From work by acclaimed poets to novels tracing the collapse of civilization to unlikely studies of history, September will bring a host of highly-anticipated books. In a new monthly feature, we’re previewing some of the books we’re most excited about, including work from Saeed Jones, Emily St. John Mandel, Michael Robbins, Merritt Tierce, John Darnielle, Eimear McBride, and more.
Afternoon Bites: Books Called “Joyland,” Jennifer Gilmore Interviewed, The “Happy Baby” Playlist, Alt-Rock Drummers, and More
In this afternoon’s reading: Emily Schultz on the appeal of calling your novel Joyland, Stephen Elliott shares his Happy Baby playlist, Jennifer Gilmore talks with NPR, a number of writers talk about alt-rock’s best drummers, and much more.
Afternoon Bites: Sheila Heti’s Zine, Benjamin Lytal & Geography, Marissa Nadler’s “Game of Thrones” Cover, and More
“To understand what makes António “Mia” Emílio Leite Couto special — even extraordinary — we have to loosen our grip on the binary that distinguishes between “the West” and “Africa.”” Aaron Bady on the novels of Mia Coutu. Want to read Sheila Heti’s 90s-era feminist zine? Benjamin Lytal talks about geography and fiction. Marissa Nadler covered the Game of Thrones theme song. Michael Robbins on his unread books. Roxane Gay interviewed Ben Schrank for Tin House. Michael H. Miller on Julian Schnabel. […]
“…these paranormal tales, drawn mostly written or rewritten by Kirby and completely drawn by Kirby, are like art projects launched thirty-something years into the future.” A look at Jack Kirby’s Spirit World. Artforum has an excerpt from Ian Svenonius’s Supernatural Strategies for Making a Rock’n’Roll Group. Abraham Riesman’s “What We Laugh About When We Laugh About Pyongyang” is well worth your time. Ali Smith’s Artful: reviewed. Teddy Wayne talks Justin Bieber at The Morning News. Michael Robbins was interviewed at The Believer. Follow Vol. 1 […]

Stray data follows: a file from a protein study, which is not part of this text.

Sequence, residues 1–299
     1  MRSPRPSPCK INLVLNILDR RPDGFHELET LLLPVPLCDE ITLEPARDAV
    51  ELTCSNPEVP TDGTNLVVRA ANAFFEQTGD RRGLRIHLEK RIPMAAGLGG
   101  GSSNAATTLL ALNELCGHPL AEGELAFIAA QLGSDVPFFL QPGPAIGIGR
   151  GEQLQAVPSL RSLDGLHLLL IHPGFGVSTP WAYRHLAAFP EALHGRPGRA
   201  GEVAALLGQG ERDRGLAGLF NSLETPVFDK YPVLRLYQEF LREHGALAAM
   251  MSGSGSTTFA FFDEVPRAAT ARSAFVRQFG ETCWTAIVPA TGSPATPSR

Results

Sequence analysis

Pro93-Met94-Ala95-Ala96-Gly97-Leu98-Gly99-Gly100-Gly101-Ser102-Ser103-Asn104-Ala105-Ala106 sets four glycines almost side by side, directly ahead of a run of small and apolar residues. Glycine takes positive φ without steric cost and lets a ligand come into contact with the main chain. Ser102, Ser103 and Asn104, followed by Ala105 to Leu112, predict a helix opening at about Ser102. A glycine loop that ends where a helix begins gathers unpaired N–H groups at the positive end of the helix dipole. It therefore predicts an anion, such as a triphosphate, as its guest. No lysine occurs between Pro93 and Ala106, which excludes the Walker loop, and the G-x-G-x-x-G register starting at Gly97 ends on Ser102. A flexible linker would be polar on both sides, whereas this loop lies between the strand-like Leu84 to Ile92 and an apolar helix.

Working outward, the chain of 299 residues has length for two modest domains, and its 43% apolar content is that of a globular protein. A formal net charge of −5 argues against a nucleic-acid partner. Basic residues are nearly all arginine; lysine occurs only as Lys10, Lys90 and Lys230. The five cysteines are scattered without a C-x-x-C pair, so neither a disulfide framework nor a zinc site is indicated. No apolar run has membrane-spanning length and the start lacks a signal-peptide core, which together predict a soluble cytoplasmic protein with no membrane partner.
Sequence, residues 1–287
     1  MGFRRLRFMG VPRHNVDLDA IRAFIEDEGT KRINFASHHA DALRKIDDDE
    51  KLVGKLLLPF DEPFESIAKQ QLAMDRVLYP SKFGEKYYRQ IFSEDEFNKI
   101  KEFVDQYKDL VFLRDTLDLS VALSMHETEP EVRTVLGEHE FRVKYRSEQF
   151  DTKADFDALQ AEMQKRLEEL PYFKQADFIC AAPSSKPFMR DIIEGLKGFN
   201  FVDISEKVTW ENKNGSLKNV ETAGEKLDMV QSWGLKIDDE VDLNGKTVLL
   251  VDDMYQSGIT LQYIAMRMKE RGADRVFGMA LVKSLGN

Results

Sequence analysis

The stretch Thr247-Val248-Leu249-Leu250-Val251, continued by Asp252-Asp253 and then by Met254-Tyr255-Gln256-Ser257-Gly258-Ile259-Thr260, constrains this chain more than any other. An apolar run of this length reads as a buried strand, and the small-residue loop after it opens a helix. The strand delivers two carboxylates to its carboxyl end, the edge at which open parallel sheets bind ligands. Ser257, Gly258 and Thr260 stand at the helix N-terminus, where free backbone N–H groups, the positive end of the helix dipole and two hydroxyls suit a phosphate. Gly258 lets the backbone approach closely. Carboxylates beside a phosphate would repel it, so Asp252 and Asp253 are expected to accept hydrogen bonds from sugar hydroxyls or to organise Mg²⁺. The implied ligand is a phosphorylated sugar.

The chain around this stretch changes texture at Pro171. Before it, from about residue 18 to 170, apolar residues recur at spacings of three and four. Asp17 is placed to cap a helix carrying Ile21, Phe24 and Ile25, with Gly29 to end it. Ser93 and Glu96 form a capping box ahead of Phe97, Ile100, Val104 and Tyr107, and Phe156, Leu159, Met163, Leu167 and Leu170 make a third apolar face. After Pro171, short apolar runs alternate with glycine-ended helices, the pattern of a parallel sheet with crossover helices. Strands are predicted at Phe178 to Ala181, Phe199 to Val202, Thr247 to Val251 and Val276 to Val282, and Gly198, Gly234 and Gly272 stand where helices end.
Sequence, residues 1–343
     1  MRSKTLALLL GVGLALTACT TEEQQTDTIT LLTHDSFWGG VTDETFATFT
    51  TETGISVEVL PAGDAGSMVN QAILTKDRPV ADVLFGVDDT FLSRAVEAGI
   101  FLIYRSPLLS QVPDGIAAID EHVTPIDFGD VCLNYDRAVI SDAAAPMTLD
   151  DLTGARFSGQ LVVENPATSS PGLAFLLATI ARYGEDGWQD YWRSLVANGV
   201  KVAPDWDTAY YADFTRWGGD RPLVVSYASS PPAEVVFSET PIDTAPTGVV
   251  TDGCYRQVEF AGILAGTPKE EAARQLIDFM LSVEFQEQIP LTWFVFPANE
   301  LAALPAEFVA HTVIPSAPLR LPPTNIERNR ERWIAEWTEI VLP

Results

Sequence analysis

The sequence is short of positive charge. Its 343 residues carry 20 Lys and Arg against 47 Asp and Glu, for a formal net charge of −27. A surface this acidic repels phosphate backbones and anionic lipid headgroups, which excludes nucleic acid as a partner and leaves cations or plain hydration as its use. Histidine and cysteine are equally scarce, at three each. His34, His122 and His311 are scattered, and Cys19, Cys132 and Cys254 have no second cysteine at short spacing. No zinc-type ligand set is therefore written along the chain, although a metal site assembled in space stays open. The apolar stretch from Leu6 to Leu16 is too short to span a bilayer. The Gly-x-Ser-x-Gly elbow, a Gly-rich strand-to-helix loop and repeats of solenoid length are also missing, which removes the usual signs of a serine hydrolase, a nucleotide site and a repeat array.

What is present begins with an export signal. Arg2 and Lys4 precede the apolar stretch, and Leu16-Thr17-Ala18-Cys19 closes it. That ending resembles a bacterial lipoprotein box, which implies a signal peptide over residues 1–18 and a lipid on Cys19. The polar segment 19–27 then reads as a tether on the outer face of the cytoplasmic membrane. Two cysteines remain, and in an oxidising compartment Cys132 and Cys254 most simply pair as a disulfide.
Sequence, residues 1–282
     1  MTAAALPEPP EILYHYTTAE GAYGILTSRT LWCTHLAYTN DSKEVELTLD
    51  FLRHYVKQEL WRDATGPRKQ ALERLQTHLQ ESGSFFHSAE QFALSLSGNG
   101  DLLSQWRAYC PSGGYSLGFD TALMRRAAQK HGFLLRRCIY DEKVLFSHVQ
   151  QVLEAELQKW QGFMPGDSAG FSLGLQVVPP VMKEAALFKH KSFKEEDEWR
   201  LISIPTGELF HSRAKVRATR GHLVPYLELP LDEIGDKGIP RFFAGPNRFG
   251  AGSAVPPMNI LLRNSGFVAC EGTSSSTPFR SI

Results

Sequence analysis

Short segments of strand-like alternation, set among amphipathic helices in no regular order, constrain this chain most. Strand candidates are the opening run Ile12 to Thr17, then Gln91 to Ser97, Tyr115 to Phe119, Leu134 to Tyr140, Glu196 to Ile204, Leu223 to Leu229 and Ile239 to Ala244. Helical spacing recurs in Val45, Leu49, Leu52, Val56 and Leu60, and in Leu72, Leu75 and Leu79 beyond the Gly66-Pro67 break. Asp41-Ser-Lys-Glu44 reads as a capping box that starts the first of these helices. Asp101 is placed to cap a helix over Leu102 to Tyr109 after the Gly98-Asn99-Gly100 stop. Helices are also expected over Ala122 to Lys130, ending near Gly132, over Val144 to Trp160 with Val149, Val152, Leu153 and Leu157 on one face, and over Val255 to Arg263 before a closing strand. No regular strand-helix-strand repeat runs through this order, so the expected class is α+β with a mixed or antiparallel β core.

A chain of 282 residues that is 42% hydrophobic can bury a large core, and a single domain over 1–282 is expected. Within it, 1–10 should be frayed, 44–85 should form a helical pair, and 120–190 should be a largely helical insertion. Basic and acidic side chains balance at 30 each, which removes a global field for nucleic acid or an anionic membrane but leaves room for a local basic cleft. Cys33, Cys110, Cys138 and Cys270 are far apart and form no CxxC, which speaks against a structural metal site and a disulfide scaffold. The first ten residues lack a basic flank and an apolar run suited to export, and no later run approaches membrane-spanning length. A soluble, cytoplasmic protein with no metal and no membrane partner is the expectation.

Let’s say you’re a poet. You’re the kind of poet whose heart the New York Times calls shallow but full. “Alert as a tidal buoy facing down a tsunami,” Dwight Garner says. All right. So you’re one of those poets.
The New York Times on how political reporters read. Michael Robbins on David Foster Wallace. Carl Wilson on Leonard Cohen. The story behind New York‘s amazing blackout cover. New Janet Malcolm nonfiction in the New York Review of Books. Clearly I Didn’t Think This Through author Anna Goldfarb is profiled in Metro today. Joe Winkler looks at Christopher Hitchens’s Mortality. Proceeds from Dan Deacon’s New York shows later this month will go towards Hurricane Sandy relief. Follow Vol. 1 Brooklyn on Twitter, Facebook, Google + and our Tumblr.
At The L Magazine, Vol.1’s Tobias Carroll suggests five underrated 90s bands whose music should get the deluxe reissue treatment. It goes without saying that his fellow editors heartily agree. You know what’s awesome? Norman Brannon and Willie Nelson contributed to the same book, that’s what. Gary Hawkins on filming Harry Crews. Gabrielle Gantz revisits the anthology Brooklyn Noir. The Outlet has a fine write-up of this week’s PANK Invasion at WORD. Over at Treehouse, Matthew Specktor and Michael Wolfe […]
Michael Robbins really hates living in Hattiesburg, Mississippi. The poet, whose book Alien vs. Predator was recently released by Penguin, is teaching there until June, and then he’s getting out of dodge. “Hattiesburg smells like a sewer,” he emphatically told me in the middle of our conversation. “You can go online and Google the Hattiesburg smell, it’s an actual thing. I think they actually have wooden water wheels to aerate the sewage. There’s just way too much sewage to properly aerate […]